Updated Aug 16, 2019
This set of articles is designed to help professionals who are familiar with Microsoft Azure familiarize themselves with the key concepts required in order to get started with Google Cloud. The guide compares Google Cloud with Azure and highlights the similarities and differences between the two. In addition, the guide provides quick-reference mappings of Azure products, concepts, and terminology to the corresponding products, concepts, and terminology on Google Cloud.
This document doesn't attempt to compare the syntax and semantics of the SDK, APIs, or command-line tools provided by Azure and Google Cloud.
Why Google Cloud?
For over 15 years, Google has been building one of the fastest, most powerful, and highest-quality cloud infrastructures on the planet. Internally, Google uses this infrastructure for several high-traffic and global-scale services, including Gmail, Maps, YouTube, and Search. Because of the size and scale of these services, Google has put a lot of work into optimizing its infrastructure and creating a suite of tools and services to manage it effectively. Google Cloud puts this infrastructure and these management resources at your fingertips.
Regions and zones
As with Azure, Google Cloud products are deployed within regions located around the world. Each region consists of one or more data centers that are in geographical proximity to each other. Both Azure and Google Cloud further divide availability into zones, which are isolated locations within a region.
In addition, some Google Cloud services, such as App Engine and Cloud Storage Multi-Regional Storage, replicate and serve data at a multi-regional level rather than at the more granular region or zone levels. Google Cloud also provides a dual-region replication model for Cloud Storage and Compute Engine. As of April 2019, this feature is in beta.
For more details on zonal, regional, and multi-regional services, see Geography and regions.
Isolation and availability
By design, Azure pairs regions that are in the same continent and that are physically isolated from each other by at least 300 miles into availability zones. Azure encourages users to architect their systems and applications around these pairs, creating an active-active recovery setup for availability and isolation purposes. In addition, some Azure services, such as Blob Storage, have replication options that automatically replicate data across paired regions.
Google Cloud employs a similar strategy for isolation and availability, isolating regions from each other for availability reasons. Google Cloud does not prescribe specific regional pairings. However, as with Azure, you must architect your application across multiple regions if you want to achieve high availability. Also as with Azure, some Google Cloud services such as Cloud Storage Multi-Regional Storage and Cloud Storage dual-regional storage classes have built-in multi-region synchronization.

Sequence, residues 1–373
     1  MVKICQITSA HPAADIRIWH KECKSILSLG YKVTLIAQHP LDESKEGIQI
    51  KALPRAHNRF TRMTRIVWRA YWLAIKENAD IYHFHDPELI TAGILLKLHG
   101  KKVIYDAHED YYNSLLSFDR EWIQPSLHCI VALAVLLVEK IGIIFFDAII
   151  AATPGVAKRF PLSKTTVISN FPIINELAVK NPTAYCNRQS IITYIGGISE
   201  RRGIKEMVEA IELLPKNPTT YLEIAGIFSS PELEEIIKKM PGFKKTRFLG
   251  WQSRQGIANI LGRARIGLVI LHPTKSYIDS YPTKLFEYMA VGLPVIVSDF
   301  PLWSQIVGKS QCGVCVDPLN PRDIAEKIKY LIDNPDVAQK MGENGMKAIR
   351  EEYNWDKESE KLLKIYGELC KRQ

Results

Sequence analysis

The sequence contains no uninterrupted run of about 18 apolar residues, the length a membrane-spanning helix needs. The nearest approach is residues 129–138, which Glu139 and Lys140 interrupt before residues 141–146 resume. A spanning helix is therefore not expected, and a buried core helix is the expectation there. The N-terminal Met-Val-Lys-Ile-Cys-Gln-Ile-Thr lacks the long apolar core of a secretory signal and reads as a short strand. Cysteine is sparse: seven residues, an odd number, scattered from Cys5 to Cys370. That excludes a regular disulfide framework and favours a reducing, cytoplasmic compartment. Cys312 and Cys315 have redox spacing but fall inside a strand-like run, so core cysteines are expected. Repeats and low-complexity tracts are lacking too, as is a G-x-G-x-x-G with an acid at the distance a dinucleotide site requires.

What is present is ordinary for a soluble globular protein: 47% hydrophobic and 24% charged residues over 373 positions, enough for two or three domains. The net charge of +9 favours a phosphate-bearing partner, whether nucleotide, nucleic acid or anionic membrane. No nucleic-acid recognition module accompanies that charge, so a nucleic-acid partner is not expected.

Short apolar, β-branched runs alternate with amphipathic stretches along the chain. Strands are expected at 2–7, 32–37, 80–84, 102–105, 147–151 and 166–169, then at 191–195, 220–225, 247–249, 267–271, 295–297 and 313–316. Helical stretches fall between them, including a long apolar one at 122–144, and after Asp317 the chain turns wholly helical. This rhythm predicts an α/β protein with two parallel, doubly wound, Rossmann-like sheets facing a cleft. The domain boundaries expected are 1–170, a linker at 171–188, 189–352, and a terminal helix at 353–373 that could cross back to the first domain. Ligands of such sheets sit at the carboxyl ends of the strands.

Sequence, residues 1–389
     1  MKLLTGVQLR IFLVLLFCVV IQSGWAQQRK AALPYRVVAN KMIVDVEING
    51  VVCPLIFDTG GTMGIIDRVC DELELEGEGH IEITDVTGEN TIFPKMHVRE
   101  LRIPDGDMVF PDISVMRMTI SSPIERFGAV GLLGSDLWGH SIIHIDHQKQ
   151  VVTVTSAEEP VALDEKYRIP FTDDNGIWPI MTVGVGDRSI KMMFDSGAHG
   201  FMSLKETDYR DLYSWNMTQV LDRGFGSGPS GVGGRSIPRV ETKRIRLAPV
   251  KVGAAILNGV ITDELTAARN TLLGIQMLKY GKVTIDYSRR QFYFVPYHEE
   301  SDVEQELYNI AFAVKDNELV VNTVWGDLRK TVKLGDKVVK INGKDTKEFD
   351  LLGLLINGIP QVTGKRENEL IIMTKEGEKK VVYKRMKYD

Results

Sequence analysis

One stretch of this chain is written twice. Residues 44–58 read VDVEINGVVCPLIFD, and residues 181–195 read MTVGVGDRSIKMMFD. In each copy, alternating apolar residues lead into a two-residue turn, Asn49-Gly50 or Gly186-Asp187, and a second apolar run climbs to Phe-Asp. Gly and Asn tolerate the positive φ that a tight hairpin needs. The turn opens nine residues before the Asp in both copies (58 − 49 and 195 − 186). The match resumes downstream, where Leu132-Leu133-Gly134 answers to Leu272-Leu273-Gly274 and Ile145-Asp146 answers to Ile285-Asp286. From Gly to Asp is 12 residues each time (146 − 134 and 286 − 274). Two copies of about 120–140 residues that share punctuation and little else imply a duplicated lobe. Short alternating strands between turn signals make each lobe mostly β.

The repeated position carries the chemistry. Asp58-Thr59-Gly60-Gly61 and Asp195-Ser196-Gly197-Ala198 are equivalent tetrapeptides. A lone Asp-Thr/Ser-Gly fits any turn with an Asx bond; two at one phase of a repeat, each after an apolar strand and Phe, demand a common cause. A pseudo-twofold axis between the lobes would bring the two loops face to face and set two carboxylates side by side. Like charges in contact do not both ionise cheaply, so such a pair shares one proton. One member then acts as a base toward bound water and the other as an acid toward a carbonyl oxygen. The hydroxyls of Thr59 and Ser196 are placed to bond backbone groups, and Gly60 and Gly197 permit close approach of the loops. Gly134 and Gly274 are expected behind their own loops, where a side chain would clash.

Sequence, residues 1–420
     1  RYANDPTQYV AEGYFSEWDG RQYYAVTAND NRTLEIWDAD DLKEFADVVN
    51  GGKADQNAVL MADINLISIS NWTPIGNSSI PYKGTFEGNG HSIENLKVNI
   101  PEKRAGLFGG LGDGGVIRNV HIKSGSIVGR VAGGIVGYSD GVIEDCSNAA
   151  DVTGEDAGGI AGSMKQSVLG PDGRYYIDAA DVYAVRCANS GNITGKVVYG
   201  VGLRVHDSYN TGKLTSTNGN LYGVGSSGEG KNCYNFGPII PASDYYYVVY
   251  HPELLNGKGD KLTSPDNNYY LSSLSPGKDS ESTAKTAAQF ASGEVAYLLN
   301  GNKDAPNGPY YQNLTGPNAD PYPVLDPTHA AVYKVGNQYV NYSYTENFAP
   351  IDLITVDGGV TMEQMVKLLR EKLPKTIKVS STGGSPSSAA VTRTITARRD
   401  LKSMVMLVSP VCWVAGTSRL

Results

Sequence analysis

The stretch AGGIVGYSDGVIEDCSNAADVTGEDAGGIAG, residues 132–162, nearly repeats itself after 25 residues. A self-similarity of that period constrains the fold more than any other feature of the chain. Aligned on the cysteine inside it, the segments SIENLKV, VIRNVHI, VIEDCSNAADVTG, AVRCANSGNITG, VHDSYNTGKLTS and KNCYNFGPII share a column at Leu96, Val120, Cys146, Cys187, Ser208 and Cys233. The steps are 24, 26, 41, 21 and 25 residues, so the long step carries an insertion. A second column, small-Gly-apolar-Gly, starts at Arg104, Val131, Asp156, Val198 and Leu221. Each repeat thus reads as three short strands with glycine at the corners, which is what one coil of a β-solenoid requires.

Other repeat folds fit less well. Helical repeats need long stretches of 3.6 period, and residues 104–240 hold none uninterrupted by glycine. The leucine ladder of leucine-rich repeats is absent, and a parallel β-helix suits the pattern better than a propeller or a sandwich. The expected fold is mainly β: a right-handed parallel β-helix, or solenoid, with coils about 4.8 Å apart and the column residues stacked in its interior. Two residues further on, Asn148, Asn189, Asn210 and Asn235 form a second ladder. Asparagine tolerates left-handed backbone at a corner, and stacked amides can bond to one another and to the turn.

Accounts and quotas
To use an Azure service, you must either sign up for an Azure account or add Azure to your existing Microsoft Account. After you set up your Azure account, you can create a subscription within the account, and then launch services within that subscription. Each Azure account can support multiple subscriptions, and each subscription can use its own billing account if needed.
The Google Cloud model is similar to that of Azure. You get access to Google Cloud services by setting up a Google Account, and you launch services within projects, which are functionally similar to subscriptions on Azure. You can group your projects by organization as well. Folders are an additional grouping mechanism on top of projects. You are required to have an Organization resource as a prerequisite to use folders. Folders and projects are all mapped under the Organization resource. For more information, see Cloud platform resource hierarchy.
Azure and Google Cloud both have default soft limits on their services for new accounts. These soft limits are not tied to technical limitations for a given service. Instead, they help prevent fraudulent accounts from using excessive resources. These soft limits also help limit risk for new users, keeping them from spending more than intended as they explore the platform. If you find that your application has outgrown these limits, Azure and Google Cloud provide ways to get in touch with the appropriate teams to raise the limits on their services.
Because pricing tends to change more often than core features or services, this set of articles avoids pricing specifics where possible. However, each article discusses the pricing model behind each service wherever that's helpful. For up-to-date price comparisons for your solution, use the Azure pricing calculator and Google Cloud price calculator to see which configuration provides the best value in terms of flexibility, scalability, and cost.
Both Azure and Google Cloud provide discounts for a subset of their respective services, but through different mechanisms.
You can get discounts on some Azure services through your Microsoft Enterprise Agreement by committing to a base-wide installation of one or more Microsoft Server or Cloud components with full Software Assurance coverage. If you don't have a Microsoft Enterprise Agreement, you might also be able to get discounted rates through a reseller.
Google Cloud provides sustained-use discounts on a per-service basis based on your monthly usage. For example, Google Compute Engine offers sustained-use discounts based on the cumulative number of hours that a given virtual machine runs in a given month. If your resource usage is steady and predictable, you can also get heavily discounted rates through committed-use discounts. Committed-use discounts allow you to purchase a specific number of virtual CPUs (vCPUs) and a specific amount of memory at a discount over full prices, depending on the duration you commit to.